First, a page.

Back in December last year, we looked in-depth at the work Google has been doing to improve text-to-speech and other artificial language use cases. Artificial voice synthesis can be much more powerful and impressive thanks to WaveNet neural network technology, developed by Alphabet subsidiary DeepMind. It's been used to make the Google Assistant sound more natural, and now makes up part of a whole new product: Cloud Text-to-Speech.

According to Google's blog post, the new service can be used to bring advanced artificial voices to a variety of areas, such as voice response systems for call centers, conversations with IoT devices, and converting text-based media to audio. There are 32 basic voices to choose from, across languages like English, Spanish, French, German, Japanese, and more. Some languages even have a range of male and female voices available.

Only American English makes use of WaveNet tech, with 6 enhanced voice options (3 male, 3 female). The updated version of WaveNet used is said to generate audio 1,000 times faster than before. Its fidelity has also been increased to 24,000 samples per second and the resolution has been bumped up from 8 to 16 bits, all of which should add up to a more human sound.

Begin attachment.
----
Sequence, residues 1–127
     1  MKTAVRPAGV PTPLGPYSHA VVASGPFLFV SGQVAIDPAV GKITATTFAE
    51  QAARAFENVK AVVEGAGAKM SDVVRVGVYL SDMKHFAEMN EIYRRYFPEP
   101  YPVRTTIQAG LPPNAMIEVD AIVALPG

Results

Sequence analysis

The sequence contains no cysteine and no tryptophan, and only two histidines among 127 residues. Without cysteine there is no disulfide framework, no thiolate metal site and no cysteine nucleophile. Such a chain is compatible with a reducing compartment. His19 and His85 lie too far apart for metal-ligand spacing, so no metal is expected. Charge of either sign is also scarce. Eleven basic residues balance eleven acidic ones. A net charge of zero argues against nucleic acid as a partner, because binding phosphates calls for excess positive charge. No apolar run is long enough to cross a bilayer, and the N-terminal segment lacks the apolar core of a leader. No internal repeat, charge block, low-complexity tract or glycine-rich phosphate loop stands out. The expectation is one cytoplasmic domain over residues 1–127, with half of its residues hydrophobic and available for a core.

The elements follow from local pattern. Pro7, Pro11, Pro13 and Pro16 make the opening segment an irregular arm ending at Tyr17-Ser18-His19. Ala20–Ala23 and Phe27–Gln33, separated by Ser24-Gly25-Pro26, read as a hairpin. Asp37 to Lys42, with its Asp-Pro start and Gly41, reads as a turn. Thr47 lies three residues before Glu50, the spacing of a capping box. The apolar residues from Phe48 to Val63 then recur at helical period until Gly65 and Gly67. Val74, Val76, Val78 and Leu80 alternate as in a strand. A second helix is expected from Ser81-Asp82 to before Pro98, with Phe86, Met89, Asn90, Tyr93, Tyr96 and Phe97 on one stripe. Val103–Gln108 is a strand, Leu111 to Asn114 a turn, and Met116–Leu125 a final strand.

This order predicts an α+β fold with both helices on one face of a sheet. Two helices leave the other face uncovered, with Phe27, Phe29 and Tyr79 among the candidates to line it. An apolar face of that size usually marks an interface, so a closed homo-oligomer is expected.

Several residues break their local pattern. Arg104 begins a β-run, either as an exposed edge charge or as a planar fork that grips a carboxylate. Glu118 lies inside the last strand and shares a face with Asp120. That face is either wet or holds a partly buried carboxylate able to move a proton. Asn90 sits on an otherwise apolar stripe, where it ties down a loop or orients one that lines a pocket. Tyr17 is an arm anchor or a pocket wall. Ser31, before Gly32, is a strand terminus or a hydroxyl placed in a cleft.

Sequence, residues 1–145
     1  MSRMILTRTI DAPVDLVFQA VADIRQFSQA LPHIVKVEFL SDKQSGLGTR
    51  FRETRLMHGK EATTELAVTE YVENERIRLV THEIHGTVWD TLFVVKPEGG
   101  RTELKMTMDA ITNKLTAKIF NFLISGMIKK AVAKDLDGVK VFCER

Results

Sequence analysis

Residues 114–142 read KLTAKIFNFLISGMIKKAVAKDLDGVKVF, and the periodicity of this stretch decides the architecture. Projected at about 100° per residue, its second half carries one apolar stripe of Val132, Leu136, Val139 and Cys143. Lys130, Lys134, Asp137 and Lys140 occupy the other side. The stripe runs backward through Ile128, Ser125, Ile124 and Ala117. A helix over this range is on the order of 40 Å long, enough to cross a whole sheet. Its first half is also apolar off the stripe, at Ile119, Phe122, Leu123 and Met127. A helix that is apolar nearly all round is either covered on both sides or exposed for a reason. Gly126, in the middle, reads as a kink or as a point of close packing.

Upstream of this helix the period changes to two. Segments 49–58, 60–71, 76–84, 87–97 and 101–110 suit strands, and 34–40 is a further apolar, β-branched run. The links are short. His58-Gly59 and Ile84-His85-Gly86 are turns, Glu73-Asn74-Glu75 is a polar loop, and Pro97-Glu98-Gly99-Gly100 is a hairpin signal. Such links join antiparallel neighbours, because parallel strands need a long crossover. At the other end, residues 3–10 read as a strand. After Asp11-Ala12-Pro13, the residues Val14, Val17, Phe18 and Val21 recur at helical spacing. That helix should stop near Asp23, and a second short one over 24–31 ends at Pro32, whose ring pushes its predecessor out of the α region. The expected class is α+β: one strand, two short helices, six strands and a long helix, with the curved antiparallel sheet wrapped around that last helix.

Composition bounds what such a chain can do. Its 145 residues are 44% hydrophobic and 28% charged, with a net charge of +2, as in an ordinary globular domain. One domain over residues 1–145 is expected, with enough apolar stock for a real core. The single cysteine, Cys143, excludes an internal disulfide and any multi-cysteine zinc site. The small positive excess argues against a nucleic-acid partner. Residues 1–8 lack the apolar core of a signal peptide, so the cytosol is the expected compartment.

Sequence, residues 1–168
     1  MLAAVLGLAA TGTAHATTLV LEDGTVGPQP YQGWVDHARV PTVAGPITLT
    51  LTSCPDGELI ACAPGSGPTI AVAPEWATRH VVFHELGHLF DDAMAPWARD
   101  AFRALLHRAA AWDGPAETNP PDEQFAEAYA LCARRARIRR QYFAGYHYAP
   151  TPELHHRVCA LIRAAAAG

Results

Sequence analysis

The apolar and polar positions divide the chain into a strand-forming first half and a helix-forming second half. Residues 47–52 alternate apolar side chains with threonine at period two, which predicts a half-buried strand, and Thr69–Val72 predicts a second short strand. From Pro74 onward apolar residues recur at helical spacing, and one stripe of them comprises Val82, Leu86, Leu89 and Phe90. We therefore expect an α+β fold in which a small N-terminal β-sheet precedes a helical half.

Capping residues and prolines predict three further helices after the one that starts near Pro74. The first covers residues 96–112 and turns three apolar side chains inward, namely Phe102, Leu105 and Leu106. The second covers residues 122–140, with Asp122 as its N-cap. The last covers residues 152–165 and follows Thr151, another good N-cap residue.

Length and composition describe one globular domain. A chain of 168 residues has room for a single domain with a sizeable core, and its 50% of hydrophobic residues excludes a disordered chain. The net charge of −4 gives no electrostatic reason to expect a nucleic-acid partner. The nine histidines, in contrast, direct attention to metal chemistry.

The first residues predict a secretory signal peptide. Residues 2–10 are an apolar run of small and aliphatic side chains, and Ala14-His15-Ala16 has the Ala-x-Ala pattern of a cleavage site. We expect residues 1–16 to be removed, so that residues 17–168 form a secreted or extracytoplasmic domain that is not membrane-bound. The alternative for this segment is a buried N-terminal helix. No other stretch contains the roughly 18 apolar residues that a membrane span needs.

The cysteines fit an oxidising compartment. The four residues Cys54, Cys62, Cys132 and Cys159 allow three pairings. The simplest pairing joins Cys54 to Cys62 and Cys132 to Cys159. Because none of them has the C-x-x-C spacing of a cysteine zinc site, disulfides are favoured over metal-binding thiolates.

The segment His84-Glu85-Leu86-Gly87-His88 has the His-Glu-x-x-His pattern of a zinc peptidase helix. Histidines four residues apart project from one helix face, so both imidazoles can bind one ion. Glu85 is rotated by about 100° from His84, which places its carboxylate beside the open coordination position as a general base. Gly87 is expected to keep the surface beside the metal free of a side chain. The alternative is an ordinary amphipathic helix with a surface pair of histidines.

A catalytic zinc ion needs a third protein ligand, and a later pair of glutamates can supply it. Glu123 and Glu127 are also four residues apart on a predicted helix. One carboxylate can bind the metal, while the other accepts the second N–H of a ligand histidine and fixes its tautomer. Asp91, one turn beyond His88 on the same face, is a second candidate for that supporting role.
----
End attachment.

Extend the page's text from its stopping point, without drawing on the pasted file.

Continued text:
Complex text-to-speech tasks like pronouncing names, addresses, and times are handled easily by Google's platform, and you can also change the pitch, speed, and volume gain of the output voice. Both MP3 and WAV formats are supported.

Cloud Text-to-Speech is already being used by companies like Cisco and Dolphin ONE, and other interested businesses can check out the documentation and pricing for more information. For the rest of us, well it's just fun to play with the sampler. I'm really enjoying copying various song lyrics into it right now.